2012 Media in Review: Other Movies

Time for the longest list of the 2012 Media in Review series: Movies on DVD/streaming. But let’s get the nerdy math stuff out of the way first. (I should be better at math for how much I kind of like it.)

In 2012, I watched 38 movies. Of those, 13 (34 percent) were rewatches, and 25 were new to me. Surprisingly, dramas led the pack with 15 films (39 percent), followed by sci fi/fantasy/horror, which I thought would be the lead given its genre inclusiveness, at 12 (32 percent). Action-Adventure clocked in at six movies (16 percent), half of which were from Marvel films. Trailing was comedy with three movies (8 percent) and “other,” which is just where I crammed Dream A Little Dream and Dream A Little Dream 2, because they are bizarre movies that could go just about anywhere.

I watched the most movies (8) in May and managed to not watch any movies in March.

Age-wise, 28 movies (74 percent) were released in the 21st century. The newest films I saw were actually released in 2012 and apparently went to DVD very quickly (21 Jump Street and American Reunion), and 11 were released in 2011. Four were released in the 80s, and five in the 90s. The oldest movie I watched was 1967’s To Sir, With Love.

On to the list! Some movies I felt like talking about. Others I didn’t. Italicized titles are my repeats, and all include the year of release and genre.

1. Lord of the Rings: The Fellowship of the Ring (2001), fantasy
I really love Fellowship and thought I might rewatch the whole trilogy in the months leading up to The Hobbit. But then I watched half of Two Towers and lost interest. Maybe this year I’ll finish it up.

2. Moneyball (2011), drama
Brad Pitt, baseball and math. Written by Aaron Sorkin. It was OK.

3. Public Enemies (2009) drama

4. Hollywoodland, (2006), drama
I’ve always been interested in this movie both for its George Reeves/Superman connection and because I’ve always liked Ben Affleck (shut up, don’t judge me), but I can’t lie. I moved it to the top of my queue when I realized Seamus Dever was in it, too. Then he had all of two scenes that were maybe three minutes total and I don’t think any lines. But, as expected, I enjoyed the rest of the movie, anyway.

5. Watchers (1988), horror
The dog steals the show in this movie that bears very little resemblance to the book on which it is based. But it’s got Corey Haim before his downward spiral and Michael Ironside at his creepiest, and the dog is awfully cute. So this flick about government military experiments gone horribly wrong is still pretty decent in my book. There are apparently a bunch of sequels that I’ve never seen and I’m pretty sure are all bad, but I keep thinking some day I’ll find the one with Mark Hamill.

6. The Conrad Boys (2006), drama

7. Inception (2010), science fiction

8. Johns (1996), drama
This stars David Arquette as a down-on-his-luck male prostitute in LA who’s trying to get out of town and follow his dream. I can’t remember if it’s better or worse than Speedway Junky, which I watched in 2010. It’s basically the same film but in Vegas and including Jonathan Taylor Thomas. Both were OK.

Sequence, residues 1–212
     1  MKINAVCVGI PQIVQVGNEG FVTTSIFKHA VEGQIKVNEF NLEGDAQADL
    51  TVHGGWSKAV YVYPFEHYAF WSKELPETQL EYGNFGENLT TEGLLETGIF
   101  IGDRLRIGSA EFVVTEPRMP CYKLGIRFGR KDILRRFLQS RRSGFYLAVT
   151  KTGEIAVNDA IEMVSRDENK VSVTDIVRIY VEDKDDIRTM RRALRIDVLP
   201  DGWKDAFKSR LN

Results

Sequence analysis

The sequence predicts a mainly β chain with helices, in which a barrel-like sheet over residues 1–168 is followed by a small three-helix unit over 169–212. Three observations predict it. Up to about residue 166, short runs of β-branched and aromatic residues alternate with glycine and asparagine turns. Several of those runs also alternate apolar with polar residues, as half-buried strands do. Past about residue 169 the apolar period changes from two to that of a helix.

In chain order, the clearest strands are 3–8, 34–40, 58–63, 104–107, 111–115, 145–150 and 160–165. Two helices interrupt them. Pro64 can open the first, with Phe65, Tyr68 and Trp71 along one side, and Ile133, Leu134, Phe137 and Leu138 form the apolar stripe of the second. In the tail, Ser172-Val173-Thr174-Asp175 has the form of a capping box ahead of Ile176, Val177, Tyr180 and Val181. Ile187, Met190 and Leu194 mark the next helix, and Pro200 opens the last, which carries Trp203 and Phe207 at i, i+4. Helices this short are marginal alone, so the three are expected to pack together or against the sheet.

9. Failure to Launch (2006), comedy
This movie has the distinction of being the only film I’ve ever seen Zooey Deschanel play a likable character in (which is to say, the character is someone I would probably want to punch in the face if she were in my living room, but on my TV she’s kind of fun to watch). But she’s a side character, much like Bradley Cooper and Justin Bartha. Matthew McConaughey and Sarah Jessica Parker are their usual selves and Kathy Bates and Terry Bradshaw are awesome as the parents trying to get McConaughey to leave the nest. Funny, but now that I’ve seen it I never need to again.

10. Abduction (2011), action-adventure
Taylor Lautner realizes he was “kidnapped” as a kid, but his kidnappers are really his parents’ friends and are protecting him from some government thing and then he’s on the run, and none of it really matters, because it’s just a silly teen action movie with a dash of Jason Isaacs for credibility.

Cover of "Dream a Little Dream"
Cover of Dream a Little Dream

11. Dream A Little Dream (1989), other
Believe it or not, this is the one with the more reasonable premise: Jason Robards Jr., through some mystical tai chi, gets stuck in Corey Feldman’s body and has to reuinite with his wife who is unknowingly trapped in the body of the girl of Feldman’s dreams, but first they have to survive high school and all the tests, jerks and jocks that entails. And Corey Haim gets all the best lines. It sounds like it’d be comedic, and it is, but there’s really a lot of drama going on that actually gets a little dark in places. Plus, I say again, mystical tai chi. You tell me how to categorize it.

12. Dream A Little Dream 2 (1995), other
The far lesser sequel introduces magic sunglasses, where the wearer of one pair will do whatever the wearer of the other pair wants. Bad guys want the glasses, the Coreys have them, but Feldman doesn’t want them because he’s still all angsty over having his body jacked by an old man six years ago, and I don’t even know. It’s kind of entertaining in a guilty pleasure way.

13. Rise of the Planet of the Apes (2011), science fiction
Very good and relatively rewatchable (I actually watched it twice this year: once on my own and once with my sister, but only the first one counts).

14. Fright Night (2011), horror